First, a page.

The aqueous tobacco extract then most preferably is applied to the formed pulp. For example, the aqueous tobacco extract is uniformly applied to the pulp in a sheet-like form using a series of spray nozzles, a series of sizing rollers, or other such means. However, the manner of applying the aqueous extract is not particularly critical. Although not particularly critical, the moisture content of the pulp just prior to the time that the aqueous tobacco extract is applied thereto normally ranges from about 30 to about 80 percent, based on the weight of the pulp and moisture; and a formed pulp having a sheet-like shape is such that the dry weight thereof is about 3 grams to about 5 grams per square foot. The formed pulp having the aqueous tobacco extract applied thereto is dried to remove moisture therefrom using tunnel-type dryers, or the like. One or more applications of the aqueous extract can be provided to the formed pulp. As such, it is preferable that the tobacco extract is fairly uniformly distributed throughout the pulp. The amount of tobacco extract which preferably is applied to the pulp can vary. Typically, about 0.5 to about 1.5, preferably about 0.75 to about 1.25 parts of tobacco extract is applied to the pulp, based on the weight of the extract separated from the pulp during the extraction of the starting tobacco material. Normally, the extract is applied to the pulp in liquid form as an aqueous extract having a soluble solids content of about 20 to about 35 weight percent, and preferably about 25 to about 30 weight percent. The resulting reconstituted tobacco material is dried to a moisture content of about 10 to about 15 weight percent, preferably to a moisture content of about 12 to about 13 weight percent.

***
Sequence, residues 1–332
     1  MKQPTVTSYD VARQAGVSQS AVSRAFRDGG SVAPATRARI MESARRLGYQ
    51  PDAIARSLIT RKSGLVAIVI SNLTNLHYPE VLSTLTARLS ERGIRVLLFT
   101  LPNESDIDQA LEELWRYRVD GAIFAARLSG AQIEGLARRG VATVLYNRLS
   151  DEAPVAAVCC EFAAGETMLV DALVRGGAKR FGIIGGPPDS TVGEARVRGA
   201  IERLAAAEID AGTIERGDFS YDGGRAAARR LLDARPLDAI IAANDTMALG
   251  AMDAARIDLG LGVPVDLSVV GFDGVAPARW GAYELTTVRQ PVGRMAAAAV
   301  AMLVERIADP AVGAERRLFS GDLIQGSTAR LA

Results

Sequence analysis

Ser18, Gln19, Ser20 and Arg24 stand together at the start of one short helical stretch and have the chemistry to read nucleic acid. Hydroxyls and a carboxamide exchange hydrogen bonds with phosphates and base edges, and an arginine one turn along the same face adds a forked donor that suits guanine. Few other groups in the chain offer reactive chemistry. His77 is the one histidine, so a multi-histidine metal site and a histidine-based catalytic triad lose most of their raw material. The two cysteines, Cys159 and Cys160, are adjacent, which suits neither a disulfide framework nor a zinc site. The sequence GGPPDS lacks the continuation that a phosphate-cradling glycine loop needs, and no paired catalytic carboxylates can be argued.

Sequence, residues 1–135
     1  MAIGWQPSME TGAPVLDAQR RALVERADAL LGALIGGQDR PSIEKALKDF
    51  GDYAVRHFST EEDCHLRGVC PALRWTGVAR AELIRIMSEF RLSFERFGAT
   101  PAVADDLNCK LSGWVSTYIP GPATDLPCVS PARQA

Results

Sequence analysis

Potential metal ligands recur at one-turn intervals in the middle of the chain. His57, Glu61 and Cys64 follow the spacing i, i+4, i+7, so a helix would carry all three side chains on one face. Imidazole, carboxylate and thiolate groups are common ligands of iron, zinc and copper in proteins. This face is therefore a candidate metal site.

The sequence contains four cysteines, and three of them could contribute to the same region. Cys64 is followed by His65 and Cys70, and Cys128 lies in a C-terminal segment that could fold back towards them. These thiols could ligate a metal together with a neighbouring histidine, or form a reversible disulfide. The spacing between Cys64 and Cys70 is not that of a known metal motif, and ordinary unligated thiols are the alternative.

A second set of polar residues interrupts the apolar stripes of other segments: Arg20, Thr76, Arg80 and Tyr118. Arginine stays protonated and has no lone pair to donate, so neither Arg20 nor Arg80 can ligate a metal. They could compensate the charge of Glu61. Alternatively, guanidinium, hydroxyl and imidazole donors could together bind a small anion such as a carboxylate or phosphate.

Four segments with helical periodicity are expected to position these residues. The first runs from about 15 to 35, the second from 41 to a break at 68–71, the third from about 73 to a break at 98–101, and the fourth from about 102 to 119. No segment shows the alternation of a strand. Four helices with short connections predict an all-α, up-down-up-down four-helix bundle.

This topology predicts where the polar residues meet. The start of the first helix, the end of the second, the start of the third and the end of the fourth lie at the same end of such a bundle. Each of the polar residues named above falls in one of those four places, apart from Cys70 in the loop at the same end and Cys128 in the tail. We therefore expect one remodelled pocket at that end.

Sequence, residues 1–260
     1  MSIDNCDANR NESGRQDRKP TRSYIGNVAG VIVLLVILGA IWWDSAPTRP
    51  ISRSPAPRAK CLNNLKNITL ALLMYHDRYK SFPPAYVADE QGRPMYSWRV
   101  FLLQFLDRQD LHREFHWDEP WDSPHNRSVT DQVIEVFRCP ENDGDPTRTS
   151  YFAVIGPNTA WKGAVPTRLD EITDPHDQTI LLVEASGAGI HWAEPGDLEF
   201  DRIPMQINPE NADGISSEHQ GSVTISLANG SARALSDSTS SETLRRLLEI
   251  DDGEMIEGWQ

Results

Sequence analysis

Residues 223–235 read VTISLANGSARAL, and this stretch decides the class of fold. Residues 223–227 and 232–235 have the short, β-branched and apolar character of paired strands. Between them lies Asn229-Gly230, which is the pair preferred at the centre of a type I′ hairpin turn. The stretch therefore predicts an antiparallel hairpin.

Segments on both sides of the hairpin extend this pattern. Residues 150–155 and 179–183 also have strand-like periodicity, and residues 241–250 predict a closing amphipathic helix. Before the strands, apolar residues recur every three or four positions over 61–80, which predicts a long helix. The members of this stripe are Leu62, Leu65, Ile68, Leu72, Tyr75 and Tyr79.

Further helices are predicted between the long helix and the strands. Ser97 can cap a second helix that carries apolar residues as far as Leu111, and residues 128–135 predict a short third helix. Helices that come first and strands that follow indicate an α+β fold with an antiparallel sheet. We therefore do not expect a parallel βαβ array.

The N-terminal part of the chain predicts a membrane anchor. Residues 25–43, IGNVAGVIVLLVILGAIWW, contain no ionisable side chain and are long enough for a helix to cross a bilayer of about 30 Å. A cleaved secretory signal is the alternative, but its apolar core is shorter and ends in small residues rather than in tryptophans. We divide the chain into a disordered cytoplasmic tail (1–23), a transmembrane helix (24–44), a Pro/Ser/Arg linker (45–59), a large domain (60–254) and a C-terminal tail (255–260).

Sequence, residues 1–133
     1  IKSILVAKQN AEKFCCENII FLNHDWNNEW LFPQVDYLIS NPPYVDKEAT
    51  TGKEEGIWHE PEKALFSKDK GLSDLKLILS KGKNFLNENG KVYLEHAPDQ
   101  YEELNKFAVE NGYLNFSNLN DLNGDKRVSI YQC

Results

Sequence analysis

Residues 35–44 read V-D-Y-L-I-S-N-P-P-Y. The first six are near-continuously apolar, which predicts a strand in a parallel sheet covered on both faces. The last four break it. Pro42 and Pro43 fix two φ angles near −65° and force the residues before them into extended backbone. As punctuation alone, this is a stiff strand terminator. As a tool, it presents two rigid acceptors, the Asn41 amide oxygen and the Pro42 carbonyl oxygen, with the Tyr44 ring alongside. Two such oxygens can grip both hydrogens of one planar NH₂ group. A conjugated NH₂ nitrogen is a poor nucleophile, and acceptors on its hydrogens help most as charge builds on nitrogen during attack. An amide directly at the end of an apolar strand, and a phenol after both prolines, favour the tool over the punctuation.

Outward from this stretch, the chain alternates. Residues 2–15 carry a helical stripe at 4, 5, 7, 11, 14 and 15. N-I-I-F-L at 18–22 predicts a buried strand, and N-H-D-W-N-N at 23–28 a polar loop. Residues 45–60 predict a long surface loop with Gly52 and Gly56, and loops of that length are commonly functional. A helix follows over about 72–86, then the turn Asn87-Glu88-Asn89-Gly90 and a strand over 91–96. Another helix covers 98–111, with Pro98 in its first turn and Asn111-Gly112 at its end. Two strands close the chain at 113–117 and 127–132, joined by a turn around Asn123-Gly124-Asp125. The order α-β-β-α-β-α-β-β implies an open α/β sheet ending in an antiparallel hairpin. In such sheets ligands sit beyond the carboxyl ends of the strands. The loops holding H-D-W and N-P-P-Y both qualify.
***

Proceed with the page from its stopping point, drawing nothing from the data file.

The reconstituted tobacco material employed to provide the tobacco-containing paper can vary. The manner in which the reconstituted tobacco material is manufactured can vary; however, it is most desirable that the tobacco material be subjected to suitable refining during reconstitution processing steps so as to provide refined tobacco pulp fibers useful in later papermaking steps. Exemplary reconstituted tobacco materials are those materials described in U.S. Pat. Nos. 4,270,552 to Jenkins et al.; 4,674,519 to Keritsis, et al.; 4,962,774 to Thomasson, et al.; 4,987,906 to Young, et al.; 5,056,537 to Brown, et al.; and 4,941,484 to Clapp, et al.; in U.S. patent application Ser. Nos. 461,216, filed Jan. 5, 1990; 647,329, filed Jan. 28, 1991, now U.S. Pat. No. 5,143,097; 710,273, filed Jun. 4, 1991, now U.S. Pat. No. 5,159,942; and 769,914, filed Sep. 30, 1991; and in Tobacco Encyclopedia, edit. by Voges, pp. 389-390, TJI (1984); which are incorporated herein by reference.